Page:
Teaching Repetition to Unlock Language

Janine Shapiro, Co-Clinical Director of Access Behavior Analysis

Several years ago I had the privilege of writing part of a chapter in a communication, behavior, and functional skills assessment and curriculum tool titled Essential for Living.  My goal when developing my contribution was to figure out how practitioners and parents, with little to no knowledge about speech and language development or therapy, could determine on their own appropriate communication goals for a given learner.  And then once goals were determined, a clear path for achieving them.  Numerous drafts finally resulted in “The Profiles.”  The Profiles are six common profiles of learners with speech and language impairments.  Every learner fits into a profile.  Each profile comes with a behavioral description, an overarching goal, suggestions for achieving the goal, and instructions for allocating resources towards meeting the goal.  Today, I want to talk about my favorite profile, Profile 3.

Profile 3

Profile 3 is the profile that describes learners that rarely, if ever, repeat on command.  That is, if I say to a learner in this category, “Say dog,” the learner is likely to stare at me blankly.  However, once in a while- and it could be once an hour, once per day or once per week- the learner says a word, perhaps even the word “dog!”   But when the parent or other listener tries to evoke the word again,  most of the time, maybe all of the time, the desperate parent is met with silence.  Often, I hear Profile 3 learners say the names of letters or numbers.  Sometimes this occurs in the context of a puzzle, maybe in the context of a specific educational video, but the hallmark of these “pop out words” are that they are understandable but highly inconsistent.  

Seeking out Profile 3 Learners

I’m always on the lookout for Profile 3 learners.  When I meet with parents to discuss their children’s speech and language, I’m always hoping the parent will say to me, “My child doesn’t talk, but once in  a while I hear a word.”  When I hear this description from a parent, I have to resist jumping out of my seat with excitement.  You see, it’s these learners that frequently make incredible progress very quickly.  The progress demonstrated seems almost miraculous.  But really, it’s all about knowing the right goal for the learner.  The goal for a Profile 3 is to teach him or her to REPEAT.  That’s it.  That’s the goal that should take overarching precedence among all others.  The speech is there.  But there’s no way to target language development if all language is only produced on the child’s own terms.  In typical development, children learn language through repetition.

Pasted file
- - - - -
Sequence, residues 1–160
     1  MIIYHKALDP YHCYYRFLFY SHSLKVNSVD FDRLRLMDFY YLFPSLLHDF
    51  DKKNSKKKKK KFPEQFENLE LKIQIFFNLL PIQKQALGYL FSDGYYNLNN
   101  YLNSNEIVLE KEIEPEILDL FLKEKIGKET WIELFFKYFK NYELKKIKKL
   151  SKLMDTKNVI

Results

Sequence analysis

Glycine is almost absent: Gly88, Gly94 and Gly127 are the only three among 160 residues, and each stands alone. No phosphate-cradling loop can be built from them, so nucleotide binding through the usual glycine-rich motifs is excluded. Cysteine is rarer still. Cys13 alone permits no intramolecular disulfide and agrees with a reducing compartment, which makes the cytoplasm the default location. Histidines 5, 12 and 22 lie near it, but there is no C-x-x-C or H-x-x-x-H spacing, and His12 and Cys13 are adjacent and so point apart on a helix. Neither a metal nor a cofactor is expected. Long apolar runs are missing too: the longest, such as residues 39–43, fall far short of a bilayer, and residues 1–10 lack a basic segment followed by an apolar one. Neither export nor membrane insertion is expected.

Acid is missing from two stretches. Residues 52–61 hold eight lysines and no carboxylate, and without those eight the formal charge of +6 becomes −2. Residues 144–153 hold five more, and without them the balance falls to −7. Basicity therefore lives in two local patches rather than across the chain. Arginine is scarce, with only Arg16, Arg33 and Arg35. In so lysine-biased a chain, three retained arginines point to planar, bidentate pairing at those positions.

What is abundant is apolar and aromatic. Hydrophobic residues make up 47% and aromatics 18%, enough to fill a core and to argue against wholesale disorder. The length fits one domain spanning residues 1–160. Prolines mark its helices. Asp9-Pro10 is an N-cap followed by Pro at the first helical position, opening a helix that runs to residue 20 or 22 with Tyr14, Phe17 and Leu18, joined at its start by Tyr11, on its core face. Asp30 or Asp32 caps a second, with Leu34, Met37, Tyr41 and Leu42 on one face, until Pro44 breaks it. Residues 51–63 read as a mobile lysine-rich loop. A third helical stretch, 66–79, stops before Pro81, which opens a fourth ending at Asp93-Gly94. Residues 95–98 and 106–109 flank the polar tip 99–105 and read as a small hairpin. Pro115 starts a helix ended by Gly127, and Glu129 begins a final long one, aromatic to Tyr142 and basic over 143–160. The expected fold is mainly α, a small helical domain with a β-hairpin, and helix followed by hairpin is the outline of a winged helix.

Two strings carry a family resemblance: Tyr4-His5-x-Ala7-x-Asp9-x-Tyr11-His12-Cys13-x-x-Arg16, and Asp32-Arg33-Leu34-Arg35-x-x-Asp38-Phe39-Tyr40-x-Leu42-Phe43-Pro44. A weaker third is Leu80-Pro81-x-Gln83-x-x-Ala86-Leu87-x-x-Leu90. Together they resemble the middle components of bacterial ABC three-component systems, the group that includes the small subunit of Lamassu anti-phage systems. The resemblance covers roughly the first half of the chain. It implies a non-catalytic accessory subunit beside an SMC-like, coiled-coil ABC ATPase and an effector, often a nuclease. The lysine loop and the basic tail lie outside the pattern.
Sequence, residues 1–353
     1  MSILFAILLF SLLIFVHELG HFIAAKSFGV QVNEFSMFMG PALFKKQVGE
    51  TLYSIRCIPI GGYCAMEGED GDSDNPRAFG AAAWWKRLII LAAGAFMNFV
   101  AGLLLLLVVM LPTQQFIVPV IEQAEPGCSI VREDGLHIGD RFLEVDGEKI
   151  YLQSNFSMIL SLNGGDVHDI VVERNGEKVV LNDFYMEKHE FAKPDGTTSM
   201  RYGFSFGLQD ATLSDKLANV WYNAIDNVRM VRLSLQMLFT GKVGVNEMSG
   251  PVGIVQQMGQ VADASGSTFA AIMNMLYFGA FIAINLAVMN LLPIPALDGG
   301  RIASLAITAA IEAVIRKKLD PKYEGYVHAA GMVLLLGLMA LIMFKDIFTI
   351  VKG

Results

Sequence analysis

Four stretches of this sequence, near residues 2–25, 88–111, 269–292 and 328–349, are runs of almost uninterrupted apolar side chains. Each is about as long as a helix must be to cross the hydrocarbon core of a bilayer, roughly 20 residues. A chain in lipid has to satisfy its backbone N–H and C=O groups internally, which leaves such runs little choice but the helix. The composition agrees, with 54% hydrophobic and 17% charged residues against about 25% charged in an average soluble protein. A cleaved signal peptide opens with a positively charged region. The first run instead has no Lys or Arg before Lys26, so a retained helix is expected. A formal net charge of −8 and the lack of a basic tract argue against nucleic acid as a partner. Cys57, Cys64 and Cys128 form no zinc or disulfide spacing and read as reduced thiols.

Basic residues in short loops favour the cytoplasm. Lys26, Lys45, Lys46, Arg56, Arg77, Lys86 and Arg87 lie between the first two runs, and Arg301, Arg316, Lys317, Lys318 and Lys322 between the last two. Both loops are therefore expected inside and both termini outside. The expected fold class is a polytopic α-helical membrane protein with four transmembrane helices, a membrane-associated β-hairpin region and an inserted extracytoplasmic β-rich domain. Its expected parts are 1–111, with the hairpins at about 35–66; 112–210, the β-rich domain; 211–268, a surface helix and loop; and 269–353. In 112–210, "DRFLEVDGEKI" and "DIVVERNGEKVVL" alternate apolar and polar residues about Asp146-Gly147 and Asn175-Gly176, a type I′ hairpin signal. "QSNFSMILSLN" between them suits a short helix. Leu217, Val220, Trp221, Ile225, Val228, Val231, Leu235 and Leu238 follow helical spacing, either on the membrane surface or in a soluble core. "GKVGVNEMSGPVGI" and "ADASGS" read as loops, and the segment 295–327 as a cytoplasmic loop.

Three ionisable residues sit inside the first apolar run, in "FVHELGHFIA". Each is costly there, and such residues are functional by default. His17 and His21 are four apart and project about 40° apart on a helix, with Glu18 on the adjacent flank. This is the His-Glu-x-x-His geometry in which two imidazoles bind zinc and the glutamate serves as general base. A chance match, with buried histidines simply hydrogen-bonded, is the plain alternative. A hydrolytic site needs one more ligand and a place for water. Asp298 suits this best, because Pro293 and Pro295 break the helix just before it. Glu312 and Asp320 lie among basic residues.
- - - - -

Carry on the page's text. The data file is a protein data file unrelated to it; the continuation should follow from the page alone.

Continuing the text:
But since the child doesn’t repeat, how can this goal be achieved?

Reinforcing Repetitions

This is where my behavior analysis training takes the wheel.  The key is finding a reinforcer.  Not just something the child likes, but something that changes the child’s behavior.  Also, the item must be something that can be provided immediately following a pop out word or a repetition.  One second later works; three seconds later is too long!  Therefore, you must always be prepared.  Whatever you plan to deliver to the child, it needs to be readily accessible.  I often joke that I’m single-handedly bringing the fanny pack back in style! And I’ll be honest, if the child is motivated  by food, that’s probably your best bet.  Also, whatever item you choose cannot be given to the child at any other time.  So if you do pick an edible item, don’t choose anything that’s that’s essential for nutrition.  And because the real prize is repetition and not spontaneous language initially, it’s following random repetitions that the biggest celebrations should occur!  

Unlocking Language

Once repetitions become reliable, as a clinician, I have control over the expansion of the child’s language.  Behavior analysis has nifty tricks for transferring repetitions into spontaneous language, so repetition is just a stop-over goal on the journey towards abundant, functional, spontaneous language.  Most incredible is that Profile 3 learners often have had years of speech-language therapy with minimal results.  And understandably, they also typically have frustrated and confused parents. I’m shocked that more practitioners do not know to identify the potential within a Profile 3 learner or recognize that it’s the behavior of repetition that is the core deficit.  There is perhaps no greater example of the synergistic power of  the fusion of speech-language therapy and ABA therapy than the progress that can be demonstrated by a Profile 3 learner!

Check out the video below for more information about Profile 3, my favorite speech-language profile!

 

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